Use this URL to cite or link to this record in EThOS: https://ethos.bl.uk/OrderDetails.do?uin=uk.bl.ethos.746852
Title: Structural investigation of the folding of an immunoglobulin domain during biosynthesis on the ribosome
Author: Cassaignau, A. M. E.
ISNI:       0000 0004 7226 6481
Awarding Body: UCL (University College London)
Current Institution: University College London (University of London)
Date of Award: 2017
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Abstract:
Successful protein folding is central to all biological cellular processes with a large portion of the proteome able to begin to acquire its three-dimensional structure in a co-translational manner during its biosynthesis on the ribosome. The vectorial emergence of the nascent polypeptide from the exit tunnel and its attachment to its parent ribosome results in differences between the details of the folding process of isolated polypeptides and that on the ribosome (Introduction). We have developed a detailed strategy to enable the study of co-translational folding using solution-state NMR spectroscopy, the only technique able to characterise this dynamic process at atomic resolution (Chapter 2). Using isotopically-labelled ribosome-nascent chain complexes (RNCs), we have determined a high-resolution, structural description of protein folding on the ribosome via snapshots that mimic the emergence of an immunoglobulin-like domain within a multi-domain protein. Our NMR results reveal the structure and dynamic features of how con- formational space is sampled by a fledgling nascent polypeptide as it converts into its folded state and demonstrate that the entire immunoglobulin domain has to be emerged from the tunnel before native folding is acquired (Chapter 3). These findings contrast with analogous studies of C-terminal truncations of this domain, indicating some exciting differences between folding on the ribosome and that in bulk solution. The ribosome itself is shown to significantly influence the process of folding (Chapter 4); specifically, we use a combination of protein engi- neering and NMR dynamics to reveal residue-specific sites of nascent-chain-ribosome interac- tions of different magnitude of strength. The studies presented are providing the first high-resolution insights of these fundamental processes and they begin to shape our understanding of the energy landscape characterising a nascent chain on the cusp of initiation of folding on the ribosome.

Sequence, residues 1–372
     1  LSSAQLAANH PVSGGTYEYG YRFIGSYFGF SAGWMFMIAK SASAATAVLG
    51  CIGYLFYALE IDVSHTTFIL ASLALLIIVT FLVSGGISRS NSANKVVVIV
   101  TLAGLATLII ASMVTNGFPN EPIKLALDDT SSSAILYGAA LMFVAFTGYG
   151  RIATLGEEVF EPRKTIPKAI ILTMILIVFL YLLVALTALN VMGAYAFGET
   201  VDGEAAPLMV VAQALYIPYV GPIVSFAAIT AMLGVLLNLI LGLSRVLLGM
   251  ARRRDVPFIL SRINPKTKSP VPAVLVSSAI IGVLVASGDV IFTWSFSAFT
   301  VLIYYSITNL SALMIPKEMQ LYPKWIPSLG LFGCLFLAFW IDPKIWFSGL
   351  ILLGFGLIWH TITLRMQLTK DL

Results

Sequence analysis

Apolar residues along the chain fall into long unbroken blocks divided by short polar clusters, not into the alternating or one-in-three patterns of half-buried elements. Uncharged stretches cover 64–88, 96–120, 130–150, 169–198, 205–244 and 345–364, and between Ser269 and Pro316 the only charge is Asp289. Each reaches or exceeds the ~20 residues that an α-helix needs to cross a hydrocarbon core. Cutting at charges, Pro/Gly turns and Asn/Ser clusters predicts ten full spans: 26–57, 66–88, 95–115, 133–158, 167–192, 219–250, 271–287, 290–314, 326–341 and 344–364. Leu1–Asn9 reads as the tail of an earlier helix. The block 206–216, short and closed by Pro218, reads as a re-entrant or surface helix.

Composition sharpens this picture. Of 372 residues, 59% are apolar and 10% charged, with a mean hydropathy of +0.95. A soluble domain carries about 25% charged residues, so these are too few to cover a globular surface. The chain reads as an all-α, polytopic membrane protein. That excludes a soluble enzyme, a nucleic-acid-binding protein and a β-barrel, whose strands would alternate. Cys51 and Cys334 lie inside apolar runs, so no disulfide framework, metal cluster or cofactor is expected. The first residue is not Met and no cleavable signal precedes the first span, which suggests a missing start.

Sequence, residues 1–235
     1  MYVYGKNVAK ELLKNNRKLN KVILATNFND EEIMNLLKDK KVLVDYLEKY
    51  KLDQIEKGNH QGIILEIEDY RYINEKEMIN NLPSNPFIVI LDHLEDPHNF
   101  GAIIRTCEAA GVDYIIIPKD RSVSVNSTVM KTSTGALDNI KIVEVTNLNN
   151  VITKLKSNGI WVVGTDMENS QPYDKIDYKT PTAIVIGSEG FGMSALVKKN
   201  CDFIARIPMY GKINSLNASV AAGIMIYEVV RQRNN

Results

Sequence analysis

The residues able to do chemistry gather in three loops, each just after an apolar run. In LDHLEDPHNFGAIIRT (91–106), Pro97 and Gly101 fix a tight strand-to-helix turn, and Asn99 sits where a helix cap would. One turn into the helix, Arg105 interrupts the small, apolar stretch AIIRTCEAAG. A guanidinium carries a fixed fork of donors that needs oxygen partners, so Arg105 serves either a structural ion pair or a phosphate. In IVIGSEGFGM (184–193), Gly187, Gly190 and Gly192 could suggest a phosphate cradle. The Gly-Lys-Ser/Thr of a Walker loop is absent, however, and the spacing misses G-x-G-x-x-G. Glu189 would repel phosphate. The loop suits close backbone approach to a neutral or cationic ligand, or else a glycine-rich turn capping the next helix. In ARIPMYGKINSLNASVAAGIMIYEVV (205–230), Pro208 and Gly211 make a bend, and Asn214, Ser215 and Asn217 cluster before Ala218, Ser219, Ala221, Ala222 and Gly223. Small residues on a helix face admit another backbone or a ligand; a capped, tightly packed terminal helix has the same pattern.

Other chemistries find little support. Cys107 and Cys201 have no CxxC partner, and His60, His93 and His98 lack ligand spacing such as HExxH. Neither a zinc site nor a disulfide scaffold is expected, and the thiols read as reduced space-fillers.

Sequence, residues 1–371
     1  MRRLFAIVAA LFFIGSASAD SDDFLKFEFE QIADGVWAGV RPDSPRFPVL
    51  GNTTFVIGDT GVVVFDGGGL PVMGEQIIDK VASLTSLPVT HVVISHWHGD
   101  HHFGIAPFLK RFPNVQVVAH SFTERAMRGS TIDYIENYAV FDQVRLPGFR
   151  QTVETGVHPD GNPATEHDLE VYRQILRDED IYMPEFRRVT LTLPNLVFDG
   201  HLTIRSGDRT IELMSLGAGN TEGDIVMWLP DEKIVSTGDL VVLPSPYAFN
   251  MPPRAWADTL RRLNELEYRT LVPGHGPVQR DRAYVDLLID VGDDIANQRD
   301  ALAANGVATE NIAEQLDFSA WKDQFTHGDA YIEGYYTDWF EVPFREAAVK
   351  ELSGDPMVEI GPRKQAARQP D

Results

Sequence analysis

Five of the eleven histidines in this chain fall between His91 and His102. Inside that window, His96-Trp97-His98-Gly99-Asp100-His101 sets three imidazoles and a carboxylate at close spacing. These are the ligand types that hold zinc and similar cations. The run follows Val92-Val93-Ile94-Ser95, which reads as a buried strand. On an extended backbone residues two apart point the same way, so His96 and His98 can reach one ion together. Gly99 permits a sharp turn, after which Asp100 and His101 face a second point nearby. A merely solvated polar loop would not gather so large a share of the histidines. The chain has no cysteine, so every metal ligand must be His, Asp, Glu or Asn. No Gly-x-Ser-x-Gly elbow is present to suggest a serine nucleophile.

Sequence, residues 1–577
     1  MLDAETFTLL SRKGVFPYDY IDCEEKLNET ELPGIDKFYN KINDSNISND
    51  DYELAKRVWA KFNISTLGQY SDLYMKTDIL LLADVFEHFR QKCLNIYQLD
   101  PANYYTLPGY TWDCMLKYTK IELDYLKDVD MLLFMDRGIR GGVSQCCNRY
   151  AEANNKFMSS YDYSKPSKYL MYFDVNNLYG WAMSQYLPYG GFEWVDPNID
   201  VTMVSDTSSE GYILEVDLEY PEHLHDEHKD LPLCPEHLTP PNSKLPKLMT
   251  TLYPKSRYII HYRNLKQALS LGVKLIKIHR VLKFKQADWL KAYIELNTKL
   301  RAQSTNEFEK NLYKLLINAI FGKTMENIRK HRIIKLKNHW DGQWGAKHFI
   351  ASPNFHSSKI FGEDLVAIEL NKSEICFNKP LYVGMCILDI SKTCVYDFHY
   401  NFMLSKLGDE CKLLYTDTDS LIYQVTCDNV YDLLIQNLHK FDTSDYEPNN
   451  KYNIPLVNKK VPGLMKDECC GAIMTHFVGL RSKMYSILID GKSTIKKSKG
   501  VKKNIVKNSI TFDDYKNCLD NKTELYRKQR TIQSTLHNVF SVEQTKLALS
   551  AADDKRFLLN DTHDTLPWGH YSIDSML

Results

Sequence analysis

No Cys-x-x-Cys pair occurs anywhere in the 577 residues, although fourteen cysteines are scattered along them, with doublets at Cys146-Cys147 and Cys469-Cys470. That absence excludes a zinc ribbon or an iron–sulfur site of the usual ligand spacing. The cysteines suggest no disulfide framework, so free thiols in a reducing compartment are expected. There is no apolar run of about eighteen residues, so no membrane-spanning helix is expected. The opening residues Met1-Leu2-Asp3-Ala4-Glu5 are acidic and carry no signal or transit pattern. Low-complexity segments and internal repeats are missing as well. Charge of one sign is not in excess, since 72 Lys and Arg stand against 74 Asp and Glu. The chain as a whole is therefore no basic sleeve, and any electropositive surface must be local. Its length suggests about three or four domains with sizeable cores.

Supervisor: Christodoulou, J. Sponsor: Not available
Qualification Name: Thesis (Ph.D.) Qualification Level: Doctoral
EThOS ID: uk.bl.ethos.746852  DOI: Not available
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